Changing the face of the high-vis industry

Louise Pattison of Tarmac models the new Maternity range

High-visibility clothing has been around for nearly 100 years. In this day and age, providers of such garments should consider the needs of the wearers. P&P editor Melanie Attlesey speaks to Nick Bale, marketing development manager at Leo Workwear, about four new products that have joined the collection in recent months.

The origin of high-visibility clothing dates back to the 1930s when American Bob Switzer was injured in a workplace accident. During his recovery, he invented a neon-coloured paint by mixing fluorescent minerals with wood varnish. He tested out his new paint, which he called Day-Glo, on his wife’s wedding dress, and it took off from there.

The military soon took notice and during World War II, fluorescent panels were used to send signals from the ground up to planes, crews on aircraft carriers wore fluorescent fabric to distinguish where planes should land, and buoys were painted with it to denote which areas had been cleared of mines.

And now fast-forward to 2019, this spring has seen Leo Workwear add several transformative products to its high-vis collection; a new Maternity range and the Lilly Modesty Tunic for women, along with the Heddon and Foreland waistcoats, which have been designed with a pocket specifically for storing a tablet.

Maternity range

A rise in women working in environments requiring high-visibility clothing and the problems ill-fitting garments cause pregnant women, led to Leo Workwear designing the Maternity range. The range enables women to continue their job role into pregnancy and ensures they are wearing fitted clothing that conforms to the relevant standard, ISO 20471.

“Until now, a pregnant woman whose job role involved being on a construction site, near the rail or road, has either been refused access or had to wear oversized men’s products to ensure they conform to high visibility standards,” explains Nick. “These ill-fitting garments are potentially hazardous in a working environment and so puts a pregnant woman at further risk.”

The range consists of the Lovacott Maternity Polo Shirt, which features elastication on the sides to allow a bump to grow while providing high-visibility protection to ISO 20471 Class 2 and the Verity Maternity Cargo Trouser, which features an elasticated over-the-bump band to provide ISO 20471 Class 2 protection for high-visibility.

Nick adds: “These products have been based on our already very successful women’s range, using some of the best branded components, innovative fabrics and the latest reflective tape technology to offer what wearers expect from Leo Workwear products; comfortable and hard-wearing products that keep them visible.  And they are all about enabling women to do their job and taking away potential safety issues that they may face in their day-to-day roles.”

Back in April, Tarmac, a provider of sustainable construction solutions, became one of the first companies in the UK to provide expectant mothers with specialist high-vis maternity clothing.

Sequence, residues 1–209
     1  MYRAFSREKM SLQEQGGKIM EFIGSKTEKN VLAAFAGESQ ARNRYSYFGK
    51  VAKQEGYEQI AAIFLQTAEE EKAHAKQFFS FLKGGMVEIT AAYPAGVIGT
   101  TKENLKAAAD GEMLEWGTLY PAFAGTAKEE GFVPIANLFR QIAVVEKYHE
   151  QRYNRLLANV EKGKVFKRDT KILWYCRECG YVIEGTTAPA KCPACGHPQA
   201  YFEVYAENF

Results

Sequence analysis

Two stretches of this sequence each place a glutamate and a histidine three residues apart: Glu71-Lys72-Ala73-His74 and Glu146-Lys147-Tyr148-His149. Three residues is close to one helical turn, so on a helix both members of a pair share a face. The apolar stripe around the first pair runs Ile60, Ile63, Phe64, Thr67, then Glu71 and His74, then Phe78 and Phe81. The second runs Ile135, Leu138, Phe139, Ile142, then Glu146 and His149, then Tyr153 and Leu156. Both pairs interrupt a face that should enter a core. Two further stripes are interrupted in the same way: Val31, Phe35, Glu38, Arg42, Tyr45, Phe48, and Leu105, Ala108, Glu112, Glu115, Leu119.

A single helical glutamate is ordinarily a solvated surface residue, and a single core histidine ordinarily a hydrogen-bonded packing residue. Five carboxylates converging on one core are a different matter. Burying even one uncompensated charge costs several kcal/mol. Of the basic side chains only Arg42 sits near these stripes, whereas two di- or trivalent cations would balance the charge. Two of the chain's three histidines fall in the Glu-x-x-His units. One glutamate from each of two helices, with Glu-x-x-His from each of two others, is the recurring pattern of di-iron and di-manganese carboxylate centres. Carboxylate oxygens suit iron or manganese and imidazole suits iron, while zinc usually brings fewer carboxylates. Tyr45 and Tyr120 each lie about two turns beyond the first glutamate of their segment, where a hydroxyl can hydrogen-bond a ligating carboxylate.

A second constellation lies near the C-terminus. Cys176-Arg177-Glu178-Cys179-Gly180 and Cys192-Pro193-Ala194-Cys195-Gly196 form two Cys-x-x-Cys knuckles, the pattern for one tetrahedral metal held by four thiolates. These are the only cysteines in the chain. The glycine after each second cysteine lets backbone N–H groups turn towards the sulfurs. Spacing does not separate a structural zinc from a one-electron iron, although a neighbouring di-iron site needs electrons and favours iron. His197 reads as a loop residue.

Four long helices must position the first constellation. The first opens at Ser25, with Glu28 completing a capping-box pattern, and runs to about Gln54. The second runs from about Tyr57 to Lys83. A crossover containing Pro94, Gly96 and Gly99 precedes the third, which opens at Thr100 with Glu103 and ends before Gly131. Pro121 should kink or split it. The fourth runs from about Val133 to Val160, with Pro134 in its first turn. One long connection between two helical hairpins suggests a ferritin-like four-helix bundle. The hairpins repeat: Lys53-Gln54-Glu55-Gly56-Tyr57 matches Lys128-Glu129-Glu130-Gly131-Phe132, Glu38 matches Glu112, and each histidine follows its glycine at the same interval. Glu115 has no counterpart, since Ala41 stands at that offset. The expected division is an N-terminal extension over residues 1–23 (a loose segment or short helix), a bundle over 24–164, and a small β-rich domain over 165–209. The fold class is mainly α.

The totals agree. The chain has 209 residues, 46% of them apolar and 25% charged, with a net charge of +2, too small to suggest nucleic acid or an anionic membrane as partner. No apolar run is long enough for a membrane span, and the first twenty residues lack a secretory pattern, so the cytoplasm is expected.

Tarmac’s senior vice president, Martin Riley, said: “We’re proud to be leading the way in introducing high visibility maternity PPE for expectant mothers. This pioneering initiative supports our aim of creating a more inclusive workforce and to work in an environment where all of our employees can be safe and remain healthy.”

Expectant mother Louise Pattison, who works for Tarmac’s Cement and Lime business in Barnstone, Nottingham, added: “Prior to finding a supplier it was usual for expectant mothers needing PPE for their work to wear oversized male protective clothing and make alterations so I’m delighted to be one of the first people at Tarmac to have the opportunity to wear PPE that is specially made for pregnant women.”

The Lilly Modesty Tunic

Lilly Modesty Tunic

After working on some of the biggest current infrastructure projects in the UK, it soon became apparent that there was a requirement for ladies who wanted appropriate PPE that kept them safe without compromising their beliefs.

And so the Lilly Modesty Tunic was born. This full sleeved high-vis modesty tunic offers protection to women that work in environments where high-visibility clothing is a necessity but want to adhere to their religious beliefs. It is also a really good solution for any woman who requires a longer top conforming to ISO 20471 Class 3.

“These garments are all about enabling women to do their job and taking away potential safety issues that they may face in their day-to-day roles,” explains Nick.

The Foreland

Heddon and Foreland

As technology is used more and more in industries where high-visibility clothing is required, the need to have our devices close at hand has greatly increased. So what more could on-site workers want than a waistcoat that enables the wearer to have their device close by but also safely stowed away?

The large pocket on the Heddon and the Foreland is zip fastened and reinforced for strength and comes with a headphones eyelet so wearers can listen to their device easily if required.

The Foreland Sleeveless version conforms to ISO 20471 Class 2, while the Heddon Sleeved Waistcoat provides the highest class of protection, ISO 20471 Class 3.

Leo Workwear’s collection demonstrates that high-visibility clothing goes way beyond the average hi-vis vest and items such as these should be considered when offering high-visibility options to your customers.

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